ECB must keep raising rate despite public sacrifice, Vujcic says By Reuters


© Reuters. FILE PHOTO: Croatia’s central bank governor Boris Vujcic speaks during an interview with Reuters in Zagreb, Croatia, January 21, 2016. To match CROATIA-CENBANK/ REUTERS/Antonio Bronic/File Photo

By Balazs Koranyi

ZAGREB (Reuters) – The European Central Bank needs to keep raising rates beyond March and must hold them at high levels for a while even as inflation falls and this “sacrifice” becomes more difficult to explain to the public, the ECB’s newest policymaker said.

Having raised rates by 3 percentage points since July, policymakers have started to ponder when and where the fastest tightening cycle in ECB history will end, especially since inflation is now retreating quickly from record highs.

But Croatian central bank Governor Boris Vujcic, whose nation joined the euro on Jan. 1, says stubborn underlying inflation means it is premature to predict the end of rate hikes and the cut priced in by markets for the turn of the year is not even worth discussing.

“We are likely to see more rate action beyond March and I would leave the issue of the terminal rate for later,” Vujcic, a career economist, university professor and Croatia’s central bank chief for the past decade told Reuters.

“Then typically you would keep the rate there for some time until you are confident that the inflation is back to where you want it to be,” he said in an interview.

Seen as a policy hawk like most governors from Europe’s former communist east, 58-year-old Vujcic has already attended ECB meetings through much of 2022 and has another year and a half left in his term.

With energy prices sharply down compared to 2022 highs and supply chains constraints easing, the ECB could cut its own inflation projections next month, Vujcic said.

And there is a possibility that price growth falls back to , one the ECB’s 2% target more quickly than now expected, he added.

GRAPHIC: Euro zone inflation expectations –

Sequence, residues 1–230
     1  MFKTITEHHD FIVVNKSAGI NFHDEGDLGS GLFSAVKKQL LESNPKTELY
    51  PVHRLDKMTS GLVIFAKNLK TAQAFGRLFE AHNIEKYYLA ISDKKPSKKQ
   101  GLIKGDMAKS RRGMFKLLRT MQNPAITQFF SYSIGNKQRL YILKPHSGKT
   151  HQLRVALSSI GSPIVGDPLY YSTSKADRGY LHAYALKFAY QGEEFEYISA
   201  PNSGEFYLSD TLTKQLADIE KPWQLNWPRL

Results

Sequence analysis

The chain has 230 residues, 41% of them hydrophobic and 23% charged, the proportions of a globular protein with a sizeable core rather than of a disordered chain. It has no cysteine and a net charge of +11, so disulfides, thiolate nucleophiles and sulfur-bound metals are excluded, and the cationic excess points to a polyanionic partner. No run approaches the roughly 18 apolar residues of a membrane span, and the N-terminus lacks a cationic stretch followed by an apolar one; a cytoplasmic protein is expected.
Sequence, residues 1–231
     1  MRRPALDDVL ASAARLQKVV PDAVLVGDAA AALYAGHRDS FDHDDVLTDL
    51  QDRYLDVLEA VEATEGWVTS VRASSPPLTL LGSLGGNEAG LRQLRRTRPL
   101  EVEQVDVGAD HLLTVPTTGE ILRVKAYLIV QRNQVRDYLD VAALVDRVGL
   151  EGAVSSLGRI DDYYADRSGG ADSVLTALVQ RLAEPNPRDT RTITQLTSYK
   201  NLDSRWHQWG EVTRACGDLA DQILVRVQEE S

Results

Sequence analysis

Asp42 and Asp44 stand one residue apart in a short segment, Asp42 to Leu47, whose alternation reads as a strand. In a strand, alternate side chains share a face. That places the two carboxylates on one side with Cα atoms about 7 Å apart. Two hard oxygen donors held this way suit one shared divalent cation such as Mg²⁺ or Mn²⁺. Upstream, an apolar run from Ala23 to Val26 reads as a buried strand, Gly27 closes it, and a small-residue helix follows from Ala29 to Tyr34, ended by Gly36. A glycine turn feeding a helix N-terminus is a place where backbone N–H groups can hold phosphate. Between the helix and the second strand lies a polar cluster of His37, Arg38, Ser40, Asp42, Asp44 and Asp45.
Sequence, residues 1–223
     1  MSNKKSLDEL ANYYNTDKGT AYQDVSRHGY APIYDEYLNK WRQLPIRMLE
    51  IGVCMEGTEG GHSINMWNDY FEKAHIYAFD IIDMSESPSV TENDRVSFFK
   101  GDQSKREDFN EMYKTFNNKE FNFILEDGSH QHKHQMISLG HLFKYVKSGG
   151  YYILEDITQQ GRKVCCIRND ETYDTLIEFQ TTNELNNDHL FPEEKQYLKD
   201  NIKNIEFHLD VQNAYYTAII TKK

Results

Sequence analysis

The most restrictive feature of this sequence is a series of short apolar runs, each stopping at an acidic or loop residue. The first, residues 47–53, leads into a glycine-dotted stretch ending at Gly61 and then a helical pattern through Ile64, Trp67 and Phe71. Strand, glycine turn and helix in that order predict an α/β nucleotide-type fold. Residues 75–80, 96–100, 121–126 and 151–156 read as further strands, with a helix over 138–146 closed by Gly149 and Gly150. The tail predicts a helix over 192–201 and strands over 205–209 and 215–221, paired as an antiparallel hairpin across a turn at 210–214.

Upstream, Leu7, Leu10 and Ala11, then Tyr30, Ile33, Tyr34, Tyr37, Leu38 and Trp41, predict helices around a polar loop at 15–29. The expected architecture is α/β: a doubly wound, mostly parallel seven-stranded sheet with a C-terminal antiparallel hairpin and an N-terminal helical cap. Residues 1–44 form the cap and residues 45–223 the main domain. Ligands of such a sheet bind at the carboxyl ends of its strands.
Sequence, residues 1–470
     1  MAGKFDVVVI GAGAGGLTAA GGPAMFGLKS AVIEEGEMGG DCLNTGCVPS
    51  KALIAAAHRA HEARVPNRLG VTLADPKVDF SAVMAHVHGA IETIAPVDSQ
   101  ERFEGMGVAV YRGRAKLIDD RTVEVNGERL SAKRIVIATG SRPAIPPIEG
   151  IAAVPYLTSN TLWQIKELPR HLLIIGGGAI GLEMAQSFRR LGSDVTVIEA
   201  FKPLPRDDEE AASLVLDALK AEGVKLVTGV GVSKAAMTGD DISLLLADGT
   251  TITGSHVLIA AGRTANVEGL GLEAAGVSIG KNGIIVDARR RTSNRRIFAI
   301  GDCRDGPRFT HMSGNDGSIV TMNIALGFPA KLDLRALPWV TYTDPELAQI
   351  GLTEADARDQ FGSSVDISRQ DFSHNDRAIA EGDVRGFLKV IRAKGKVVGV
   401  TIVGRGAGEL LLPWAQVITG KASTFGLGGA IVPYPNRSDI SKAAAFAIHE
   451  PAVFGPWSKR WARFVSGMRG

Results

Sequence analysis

Still, that is not a signal that the ECB’s job is done, the Croatian argued.

“There is a possibility that headline inflation will fall to 2% much sooner than expected due to various factors … (that) bring the headline figure down sharply, below core inflation,” Vujcic said.

But the ECB needs to see a sustained decline in underlying inflation, which strips out volatile food and energy prices, as this figure is a more reliable indicator of underlying price pressures and the effectiveness of monetary policy.

Dutch central bank chief Klaas Knot has also warned that headline inflation could fall below underlying prices.

This is because lower gas prices are set to drag down the overall rate quite quickly while core inflation is proving unexpectedly stubborn due to a host of factors from wages to the second-round impacts of past inflation on prices.

GRAPHIC: The race to raise rates –

The problem is that while public tends to look at headline inflation, the ECB will have to watch underlying prices as well, taking into account that the final phase of cutting inflation may be the most difficult.

“In this case, monetary policy has to be restrictive enough to push the core inflation downwards, which is not an easy task as it could imply relatively high sacrifice ratio,” Vujcic said.

Economists call sacrifice ratio the loss suffered in order to achieve a reduction in the long-run inflation rate.

It tends to be lower when inflation is coming down from high levels and usually increases in the “last mile” of disinflation, as price growth is approaching the target.

“We would have to explain to public why we are keeping restrictive monetary policy stance if headline inflation already fell,” Vujcic said.

A possible good news for the ECB is that the economy has appeared to avoid the worst of the economic downturn and prospects for a soft landing have improved.

Click here for excerpts of this interview.


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